The delta smelt is a type of fish closely related to the salmon and the trout. This smelt inhabits the San Francisco Bay Delta, living exclusively in northern California waterways. Before 1980, they were one of the most abundant fish in the area. Since then, their population has continuously declined. The scientific name for the delta smelt is hypomesus transpacificus.
As small fish, delta smelts are 2.4–2.7 inches (6–7 cm) long and have narrow bodies. They have small mouths, with sharp tiny teeth in their upper and lower jaws. Their eyes are large, and, when living, their silvery bodies seem almost translucent.
Delta smelts prefer brackish water, though they move into fresh water to spawn. They can be found in estuaries from the San Francisco Bay Delta to the Sacramento-San Joaquin Delta. They usually live in shallow water, near the surface, and are eurythermal, meaning they can tolerate a variety of temperatures. They eat primarily zooplankton.
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Spawning in fresh water, the delta smelt moves upstream into the nearby rivers during mating season. The spawning season varies, beginning sometimes as early as December and ending as late as July. The larger, more mature fish make the trip first followed by the smaller fish later in the year. Water temperatures in spawning areas need to be between 53.6–64.4°F (12–18°C) for spawning to be successful.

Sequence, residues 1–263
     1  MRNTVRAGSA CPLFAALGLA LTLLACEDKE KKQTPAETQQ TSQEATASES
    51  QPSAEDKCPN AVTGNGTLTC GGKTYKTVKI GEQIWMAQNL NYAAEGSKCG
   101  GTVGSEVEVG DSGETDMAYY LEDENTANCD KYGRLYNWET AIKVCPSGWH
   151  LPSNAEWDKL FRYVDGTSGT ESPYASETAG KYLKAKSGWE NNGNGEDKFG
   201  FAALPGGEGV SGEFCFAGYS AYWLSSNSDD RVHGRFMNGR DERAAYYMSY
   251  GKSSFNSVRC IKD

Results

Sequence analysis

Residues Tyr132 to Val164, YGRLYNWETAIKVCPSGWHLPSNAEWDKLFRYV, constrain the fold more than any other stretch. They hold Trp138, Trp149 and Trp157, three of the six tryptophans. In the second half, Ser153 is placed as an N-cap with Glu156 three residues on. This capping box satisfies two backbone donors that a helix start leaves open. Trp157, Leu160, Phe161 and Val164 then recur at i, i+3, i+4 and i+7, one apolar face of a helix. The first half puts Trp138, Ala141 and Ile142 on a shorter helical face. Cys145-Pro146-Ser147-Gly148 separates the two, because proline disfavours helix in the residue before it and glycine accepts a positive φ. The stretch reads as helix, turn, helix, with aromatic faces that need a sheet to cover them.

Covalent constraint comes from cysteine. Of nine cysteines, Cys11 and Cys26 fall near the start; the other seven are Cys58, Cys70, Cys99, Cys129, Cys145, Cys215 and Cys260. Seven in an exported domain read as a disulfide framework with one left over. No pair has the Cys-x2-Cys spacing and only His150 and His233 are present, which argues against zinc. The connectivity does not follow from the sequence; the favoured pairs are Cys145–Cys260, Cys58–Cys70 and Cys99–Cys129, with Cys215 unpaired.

Delta smelt eggs are adhesive and usually attached to rocks or aquatic plants. Eggs hatch after eight to 14 days into tiny larvae, only measuring about 0.2 inches (5 mm) long. While they grow into juvenile fish, the larvae are transported downriver by the river's currents. This type of smelt is an annual fish, which means its entire lifespan occurs in a single year. There is, however, some indication that the fish occasionally lives as long as two years, possibly reproducing in both years.
Of the 29 indigenous fish species found in the San Francisco Bay area, 12 species, including the delta smelt, have been driven to near extinction. The delta smelt has been on the endangered species list since 1993. Severe pollution — at sometimes toxic levels — as well as the introduction of new species and man-made water diversions have led to this fish's threatened status. The species is continuing to decline despite measures taken for their protection. In 2007, too few were found to estimate the then current population of the species, and scientist project the delta smelt may be extinct by 2026 unless more serious measures are taken.